Complications of type 2 diabetes If diabetes isn’t treated, it can lead to a number of other health problems. High glucose levels can damage blood vessels, nerves and organs. Even a mildly raised glucose level that doesn’t cause any symptoms can have long-term damaging effects.
Can diabetics survive without medication?
Monitoring your blood glucose – Careful glucose monitoring is a vital part of controlling your diabetes. It can help you see the way your food, drink and activity affect your sugar levels. If you recognise patterns, you can improve your blood glucose levels, maintain your health and reduce your risk of developing diabetes complications,
Why do doctors not want to prescribe metformin?
What about side effects? – The safety profile for metformin is quite good. Side effects include nausea, stomach upset, or diarrhea; these tend to be mild. More serious side effects are rare. They include severe allergic reactions and a condition called lactic acidosis, a buildup of lactic acid in the bloodstream.
Does metformin damage liver?
Abstract – Objectives: To explore why some clinicians hesitate to use metformin in patients with liver disease and whether routine monitoring of transaminases before and during metformin therapy is substantiated. Data sources: A Medline literature search was conducted (1966 to June 2008) using the terms metformin, lactic acidosis, liver disease, chronic liver disease, hepatotoxicity, hypoxia, risks, and predisposing factors.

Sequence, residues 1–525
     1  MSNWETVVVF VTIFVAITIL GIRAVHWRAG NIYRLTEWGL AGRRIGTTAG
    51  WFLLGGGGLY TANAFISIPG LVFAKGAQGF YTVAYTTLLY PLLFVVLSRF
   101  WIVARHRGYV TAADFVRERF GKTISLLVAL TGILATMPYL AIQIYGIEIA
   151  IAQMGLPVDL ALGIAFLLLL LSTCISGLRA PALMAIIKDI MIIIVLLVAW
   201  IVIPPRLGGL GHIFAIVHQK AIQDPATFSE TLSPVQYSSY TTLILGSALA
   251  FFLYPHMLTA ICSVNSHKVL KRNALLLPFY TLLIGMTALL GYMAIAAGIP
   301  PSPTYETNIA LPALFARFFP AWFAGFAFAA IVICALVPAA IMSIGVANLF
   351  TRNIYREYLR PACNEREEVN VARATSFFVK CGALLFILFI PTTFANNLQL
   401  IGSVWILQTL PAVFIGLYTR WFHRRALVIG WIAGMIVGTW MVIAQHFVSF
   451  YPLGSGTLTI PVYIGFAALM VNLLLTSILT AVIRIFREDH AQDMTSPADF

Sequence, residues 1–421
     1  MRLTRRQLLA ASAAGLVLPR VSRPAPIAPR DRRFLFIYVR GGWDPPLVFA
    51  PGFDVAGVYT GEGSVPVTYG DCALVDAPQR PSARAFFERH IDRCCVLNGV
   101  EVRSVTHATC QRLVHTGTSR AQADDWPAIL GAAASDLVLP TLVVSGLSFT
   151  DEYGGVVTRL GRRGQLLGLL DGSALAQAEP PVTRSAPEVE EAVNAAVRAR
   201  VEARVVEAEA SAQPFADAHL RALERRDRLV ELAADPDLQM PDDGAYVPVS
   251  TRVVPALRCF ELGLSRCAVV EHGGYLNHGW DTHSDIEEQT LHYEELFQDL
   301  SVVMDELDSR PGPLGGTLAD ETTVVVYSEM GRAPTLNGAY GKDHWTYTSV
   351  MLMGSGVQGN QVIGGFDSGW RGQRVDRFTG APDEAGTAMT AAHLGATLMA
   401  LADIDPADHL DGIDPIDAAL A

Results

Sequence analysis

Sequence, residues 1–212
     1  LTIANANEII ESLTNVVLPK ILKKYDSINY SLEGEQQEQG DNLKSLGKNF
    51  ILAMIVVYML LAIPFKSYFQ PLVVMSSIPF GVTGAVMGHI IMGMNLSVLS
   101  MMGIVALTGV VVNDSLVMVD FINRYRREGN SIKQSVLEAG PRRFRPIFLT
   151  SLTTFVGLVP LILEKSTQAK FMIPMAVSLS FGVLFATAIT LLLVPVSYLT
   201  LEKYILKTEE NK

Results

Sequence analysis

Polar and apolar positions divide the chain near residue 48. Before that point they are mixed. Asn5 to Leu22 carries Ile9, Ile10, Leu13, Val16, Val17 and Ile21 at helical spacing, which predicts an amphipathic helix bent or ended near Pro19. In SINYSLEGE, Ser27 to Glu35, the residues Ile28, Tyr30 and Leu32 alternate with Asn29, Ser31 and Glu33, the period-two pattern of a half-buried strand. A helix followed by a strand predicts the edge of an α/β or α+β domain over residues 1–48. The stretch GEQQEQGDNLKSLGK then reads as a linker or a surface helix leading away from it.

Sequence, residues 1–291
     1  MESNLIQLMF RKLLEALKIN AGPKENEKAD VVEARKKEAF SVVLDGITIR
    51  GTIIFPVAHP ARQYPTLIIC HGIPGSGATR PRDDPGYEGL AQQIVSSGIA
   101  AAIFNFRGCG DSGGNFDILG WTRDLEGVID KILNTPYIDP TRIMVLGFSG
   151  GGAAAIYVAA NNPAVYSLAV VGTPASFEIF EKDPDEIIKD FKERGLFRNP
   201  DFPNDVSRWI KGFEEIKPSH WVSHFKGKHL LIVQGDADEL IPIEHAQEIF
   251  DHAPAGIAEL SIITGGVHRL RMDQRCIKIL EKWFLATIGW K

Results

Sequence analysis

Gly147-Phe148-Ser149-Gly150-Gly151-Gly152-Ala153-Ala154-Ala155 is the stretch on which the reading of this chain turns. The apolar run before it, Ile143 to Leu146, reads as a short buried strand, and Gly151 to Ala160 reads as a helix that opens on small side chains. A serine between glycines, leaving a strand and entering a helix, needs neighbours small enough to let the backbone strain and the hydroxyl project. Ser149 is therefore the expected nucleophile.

- Data synthesis: Manufacturer prescribing information and some current medical and lay press literature caution against metformin use in patients with liver disease.
- This recommendation is interpreted variably by different prescribers, with some believing that the caution implies metformin can cause or worsen liver injury.
Others believe that liver disease predisposes patients to developing lactic acidosis. A clearer understanding of how and when to screen for liver dysfunction in patients before and during metformin therapy is thus warranted. Conclusion: Metformin does not appear to cause or exacerbate liver injury and, indeed, is often beneficial in patients with nonalcoholic fatty liver disease.
- Nonalcoholic fatty liver frequently presents with transaminase elevations but should not be considered a contraindication to metformin use.
- Literature evidence of liver disease being associated with metformin-associated metabolic acidosis is largely represented by case reports.
- Most such patients had cirrhosis and were also actively using alcohol.
Patients with cirrhosis, particularly those with encephalopathy, may have arterial hypoxemia, which heightens the risk of developing lactic acidosis. For this reason, identifying patients with cirrhosis before initiating metformin seems prudent. Because cirrhosis can exist in the face of normal liver transaminases, however, and because metformin is not considered intrinsically hepatotoxic, withholding metformin from patients with abnormal transaminases or routinely monitoring transaminases before or during metformin treatment is not supported.